Ask, Don’t Tell (Part 1): Special Segments in Triangles
By Jennifer Wilson, Posted May 25, 2015 –
daughter, Kate, decided to make hot chocolate. She found a 1/3 measuring cup
and asked, “Where is the 2/3 measuring cup?” Without thinking, I almost said, “You
can just use that measuring cup twice,” but I caught myself. Instead I asked,
“Could you use the 1/3 measuring cup to get 2/3?” She thought for just a few
seconds and said, “Use this one twice!” I had almost short-changed Kate’s
opportunity to make her thinking visible by telling her what to do. Changing
“you can” into “could you” made all the difference.
How many times have I missed similar
opportunities with my students?
We want our geometry students to know and
use special segments in triangles along with their points of concurrency, and
we used to tell them how. More recently, however, we let the math content
unfold while students practice using appropriate tools strategically, constructing
a viable argument, and critiquing the reasoning of others.
We started with Placing a Fire
Hydrant from Illustrative Mathematics.
Three buildings are situated so that they could be the vertices of a triangle.
Where would you place a fire hydrant to serve all three buildings?
Students started on paper, using rulers,
folding, and compasses; then they moved to technology. I used what I have
learned from Smith and Stein’s 5
Practices for Orchestrating Productive Mathematics Discussions (NCTM 2011) to
monitor, select, and sequence the student work for our whole-class discussion.
My students came into this lesson not knowing
the vocabulary associated with special segments in triangles, so I purposefully
included some incorrect solutions for placing the fire hydrant equidistant from
the buildings to bring out that new vocabulary. Throughout
the lesson, students learned about medians, centroids, midsegments,
perpendicular bisectors, circumcenters, and circumscribed circles—because of
the work that they themselves had done.
Caroline had constructed the
perpendicular bisectors of each side of the triangle. She had measured from
their intersection, the circumcenter, to each building to show that they were
equidistant. When she presented her solution to the class, she used our interactive
geometry software to change the location of the buildings, showing that the
fire hydrant was still the same distance from each building. Gabe asked, “Why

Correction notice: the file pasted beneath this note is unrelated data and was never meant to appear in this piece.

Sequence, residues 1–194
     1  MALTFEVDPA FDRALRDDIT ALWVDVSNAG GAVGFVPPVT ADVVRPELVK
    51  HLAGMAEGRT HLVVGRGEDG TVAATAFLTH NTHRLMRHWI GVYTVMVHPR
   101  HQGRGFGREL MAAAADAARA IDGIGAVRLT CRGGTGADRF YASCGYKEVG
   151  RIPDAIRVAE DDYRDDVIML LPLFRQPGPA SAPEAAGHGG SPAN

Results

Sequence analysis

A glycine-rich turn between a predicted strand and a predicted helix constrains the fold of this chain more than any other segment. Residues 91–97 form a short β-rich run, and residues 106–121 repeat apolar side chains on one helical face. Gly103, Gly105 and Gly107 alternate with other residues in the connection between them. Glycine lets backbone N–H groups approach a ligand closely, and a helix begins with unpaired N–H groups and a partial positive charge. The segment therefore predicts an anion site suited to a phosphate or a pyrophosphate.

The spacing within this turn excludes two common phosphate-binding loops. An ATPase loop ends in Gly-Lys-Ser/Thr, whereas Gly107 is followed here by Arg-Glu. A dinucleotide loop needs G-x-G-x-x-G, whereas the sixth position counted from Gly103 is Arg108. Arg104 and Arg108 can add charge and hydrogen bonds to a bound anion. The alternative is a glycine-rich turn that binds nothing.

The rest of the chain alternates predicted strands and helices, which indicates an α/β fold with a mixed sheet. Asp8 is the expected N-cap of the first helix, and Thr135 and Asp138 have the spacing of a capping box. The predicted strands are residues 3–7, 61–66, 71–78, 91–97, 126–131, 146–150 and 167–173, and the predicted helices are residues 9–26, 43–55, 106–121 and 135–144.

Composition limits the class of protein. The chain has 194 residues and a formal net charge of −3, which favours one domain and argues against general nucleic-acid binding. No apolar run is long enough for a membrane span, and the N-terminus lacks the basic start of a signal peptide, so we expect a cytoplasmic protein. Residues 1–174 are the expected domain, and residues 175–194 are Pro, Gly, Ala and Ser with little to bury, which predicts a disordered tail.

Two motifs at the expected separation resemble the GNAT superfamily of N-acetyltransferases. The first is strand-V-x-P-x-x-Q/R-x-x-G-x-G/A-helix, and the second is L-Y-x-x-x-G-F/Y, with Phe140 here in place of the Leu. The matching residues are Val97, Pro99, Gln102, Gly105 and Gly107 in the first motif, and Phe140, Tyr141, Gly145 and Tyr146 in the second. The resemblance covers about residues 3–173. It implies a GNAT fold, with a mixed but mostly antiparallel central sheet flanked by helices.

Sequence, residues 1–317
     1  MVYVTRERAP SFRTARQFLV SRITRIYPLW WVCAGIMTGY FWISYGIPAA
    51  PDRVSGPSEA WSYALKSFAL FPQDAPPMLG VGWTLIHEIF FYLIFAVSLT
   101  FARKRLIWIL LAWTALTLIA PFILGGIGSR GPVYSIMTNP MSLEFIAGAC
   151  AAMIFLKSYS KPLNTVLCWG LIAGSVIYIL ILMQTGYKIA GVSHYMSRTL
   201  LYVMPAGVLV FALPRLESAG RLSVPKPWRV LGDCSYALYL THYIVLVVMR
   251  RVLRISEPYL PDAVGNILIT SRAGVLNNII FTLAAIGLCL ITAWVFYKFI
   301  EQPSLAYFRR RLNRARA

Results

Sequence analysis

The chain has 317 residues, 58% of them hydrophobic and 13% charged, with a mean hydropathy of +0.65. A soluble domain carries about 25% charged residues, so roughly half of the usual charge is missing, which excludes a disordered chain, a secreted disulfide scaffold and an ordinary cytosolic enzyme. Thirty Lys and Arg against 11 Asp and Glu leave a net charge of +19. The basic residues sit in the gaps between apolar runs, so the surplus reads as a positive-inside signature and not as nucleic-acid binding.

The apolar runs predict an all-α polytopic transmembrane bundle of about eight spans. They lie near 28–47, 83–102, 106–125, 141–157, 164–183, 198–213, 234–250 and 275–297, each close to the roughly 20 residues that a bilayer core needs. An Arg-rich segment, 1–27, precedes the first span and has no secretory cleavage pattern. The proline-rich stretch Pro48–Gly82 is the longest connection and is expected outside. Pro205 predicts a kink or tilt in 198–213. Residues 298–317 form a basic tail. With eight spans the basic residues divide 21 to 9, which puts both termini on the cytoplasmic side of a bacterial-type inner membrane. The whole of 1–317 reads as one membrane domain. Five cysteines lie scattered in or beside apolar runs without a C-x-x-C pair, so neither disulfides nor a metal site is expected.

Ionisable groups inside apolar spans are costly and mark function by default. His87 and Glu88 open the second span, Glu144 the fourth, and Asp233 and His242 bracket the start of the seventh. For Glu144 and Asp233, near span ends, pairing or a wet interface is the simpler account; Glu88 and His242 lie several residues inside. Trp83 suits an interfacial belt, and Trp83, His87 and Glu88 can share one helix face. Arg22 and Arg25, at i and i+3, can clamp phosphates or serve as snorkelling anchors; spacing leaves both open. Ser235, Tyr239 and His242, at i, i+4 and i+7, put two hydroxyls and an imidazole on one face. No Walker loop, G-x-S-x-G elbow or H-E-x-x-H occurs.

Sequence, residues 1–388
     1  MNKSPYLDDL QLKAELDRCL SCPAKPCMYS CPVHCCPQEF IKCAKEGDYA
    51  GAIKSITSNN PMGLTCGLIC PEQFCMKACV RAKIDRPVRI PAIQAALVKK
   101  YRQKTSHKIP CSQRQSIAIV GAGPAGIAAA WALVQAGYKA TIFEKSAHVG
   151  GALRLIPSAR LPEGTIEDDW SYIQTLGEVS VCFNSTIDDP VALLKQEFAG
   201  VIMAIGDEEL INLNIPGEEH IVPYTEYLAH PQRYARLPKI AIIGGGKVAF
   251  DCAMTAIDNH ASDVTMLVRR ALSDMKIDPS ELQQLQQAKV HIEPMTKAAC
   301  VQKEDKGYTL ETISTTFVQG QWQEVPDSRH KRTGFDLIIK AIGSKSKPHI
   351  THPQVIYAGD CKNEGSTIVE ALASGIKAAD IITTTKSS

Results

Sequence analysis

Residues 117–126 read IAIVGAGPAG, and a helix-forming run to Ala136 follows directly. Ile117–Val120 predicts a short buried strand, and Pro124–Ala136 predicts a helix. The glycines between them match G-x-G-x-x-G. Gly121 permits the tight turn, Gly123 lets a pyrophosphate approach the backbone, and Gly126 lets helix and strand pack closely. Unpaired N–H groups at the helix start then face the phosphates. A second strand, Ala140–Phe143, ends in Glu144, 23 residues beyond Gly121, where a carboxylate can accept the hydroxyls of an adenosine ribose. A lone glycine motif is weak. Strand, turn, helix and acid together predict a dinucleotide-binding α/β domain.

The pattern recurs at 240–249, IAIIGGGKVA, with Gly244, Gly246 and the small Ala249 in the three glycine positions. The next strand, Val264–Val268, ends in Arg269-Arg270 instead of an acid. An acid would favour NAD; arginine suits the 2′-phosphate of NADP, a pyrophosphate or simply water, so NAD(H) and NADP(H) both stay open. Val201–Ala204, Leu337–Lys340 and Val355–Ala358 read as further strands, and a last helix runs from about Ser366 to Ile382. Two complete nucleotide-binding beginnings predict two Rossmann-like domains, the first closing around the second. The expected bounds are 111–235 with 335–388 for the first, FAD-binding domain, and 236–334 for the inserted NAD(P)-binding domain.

would we put the fire hydrant there?” Caroline stopped, and we all took a good
look at the setup.
Caroline moved the buildings again to
exaggerate how ridiculous it would be to place a fire hydrant that far away. The
technology made the students realize that the circumcenter is not always the
most efficient place for the fire hydrant, even if it is equidistant from the
three buildings. We began to explore when it makes sense to put the fire
hydrant equidistant from the buildings and when it does not.
During the next class, we used
the Locating a Warehouse
would you place a warehouse that needs to be equidistant from three roads that
form a triangle?
Students worked on paper for a few
minutes before they set their initial placement of the warehouse. Their conjectures
gave me so much to think about.
Is there a point outside the triangle equidistant from the three
roads? One student defended her point: “I
drew a circle with that point as center that touched all three roads.”
How do you know that the roads are the same distance from the
center? “They are all radii of the
circle. They are perpendicular to the road from the center.”
Could a point inside the triangle of roads be correct? What is
significant about the point that will be the same distance from all three sides
of a triangle? Most students thought about perpendicular bisectors. Is the
circumcenter equidistant from the vertices and the roads? Another student
insisted that the point needed to lie on an angle bisector. Would that always
The mathematics unfolded
through questions, conjectures, and exploration. “Ask, Don’t Tell” opportunities activate students as owners
of their learning.
What #AskDontTell opportunities do and can you provide?
a National Board Certified Teacher, teaches and learns mathematics at Northwest
Rankin High School and is a curriculum specialist at the Rankin County School
District in Brandon, Mississippi. She is an instructor for TI’s Teachers
Teaching with Technology (T3) program. She enjoys learning alongside
the Illustrative Mathematics community, and she is
a recipient of the Presidential Award for Excellence in Mathematics and Science
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